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Biochemist September 8th, 2016 01:33 AM

Taking the binary logarithm - error propagation?
 
1 Attachment(s)
Hi,

How do I calculate the error (in my case represented by the standard deviation) of a set of data which are converted to their binary logarithm?

I have for example 10 numerical values for which I can calculate the standard deviation. After converting these 10 values to their binary logarithm, I can either calculate the new standard deviation based on these new 10 values as I did before or I can use the rules of the Gaussian error propagation for calculating the new error (standard deviation). The formula for the latter is shown in the attachment.

I get different results using one or the other method. Which way of calculating the standard deviation is correct (and why)?

romsek September 8th, 2016 03:23 PM

to make sure I understand this before looking in detail at it.

You have 10 samples from an underlying Gaussian distribution $X_n \sim N(\mu_X, \sigma_X)$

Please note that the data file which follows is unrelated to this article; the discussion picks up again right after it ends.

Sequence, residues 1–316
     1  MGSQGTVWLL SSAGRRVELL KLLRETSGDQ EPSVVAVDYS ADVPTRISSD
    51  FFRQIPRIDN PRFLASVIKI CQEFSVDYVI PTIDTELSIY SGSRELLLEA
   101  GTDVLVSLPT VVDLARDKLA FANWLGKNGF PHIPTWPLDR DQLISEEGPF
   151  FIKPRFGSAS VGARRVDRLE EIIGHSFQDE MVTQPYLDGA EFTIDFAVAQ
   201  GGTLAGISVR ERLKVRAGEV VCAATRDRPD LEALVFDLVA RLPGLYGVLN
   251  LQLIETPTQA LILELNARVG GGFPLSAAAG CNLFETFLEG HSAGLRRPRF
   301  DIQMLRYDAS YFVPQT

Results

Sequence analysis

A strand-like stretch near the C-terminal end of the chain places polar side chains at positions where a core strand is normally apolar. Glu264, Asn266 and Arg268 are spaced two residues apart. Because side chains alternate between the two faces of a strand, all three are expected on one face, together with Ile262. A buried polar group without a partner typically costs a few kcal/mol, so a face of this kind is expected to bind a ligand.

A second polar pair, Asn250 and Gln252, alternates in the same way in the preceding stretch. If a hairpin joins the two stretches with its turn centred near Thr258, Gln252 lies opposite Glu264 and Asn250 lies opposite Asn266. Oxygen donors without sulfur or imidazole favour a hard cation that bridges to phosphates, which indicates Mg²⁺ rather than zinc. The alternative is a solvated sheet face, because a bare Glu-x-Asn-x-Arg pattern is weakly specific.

You can estimate $\sigma$ the usual way to come up with the sample variance $\hat{\sigma}_X$

Now let a new random variable

$Y \sim \log_2(X)$

You can process these samples to obtain

$Y_n = \log_2(X_n)$

and you want to determine how to calculate $\hat{\sigma}_Y$, presumably from the $Y_n$

Is this correct?

Biochemist September 9th, 2016 02:29 AM

Yes, this is correct. This is what I want to do.

Actually, I can think of two ways how to do it but I don't know which is the right one.

romsek September 9th, 2016 04:45 PM

since the underlying distribution is Gaussian, what do you plan to do for negative values who's binary logarithm is undefined?

romsek September 9th, 2016 05:54 PM

1 Attachment(s)
I found this portion of a pdf file that explains what you need to do pretty well.

You still have the truncation problem.

Biochemist September 13th, 2016 01:12 AM

Quote:

Originally Posted by romsek (Post 547699)
since the underlying distribution is Gaussian, what do you plan to do for negative values who's binary logarithm is undefined?

Acutally, due to the nature of the data there are no negative values.

Biochemist September 13th, 2016 01:13 AM

Quote:

Originally Posted by romsek (Post 547705)
I found this portion of a pdf file that explains what you need to do pretty well.

You still have the truncation problem.

Thanks. What do you mean by truncation problem?

Biochemist September 13th, 2016 06:06 AM

I found this page here where it is recommended not to use error propagation rules at all if the individual values can be calculated, i.e. if the replicated data be transformed directly.

https://books.google.de/books?id=aIq...arithm&f=false

So, it seems like I don't have to bother with the Gaussian error propagation here.


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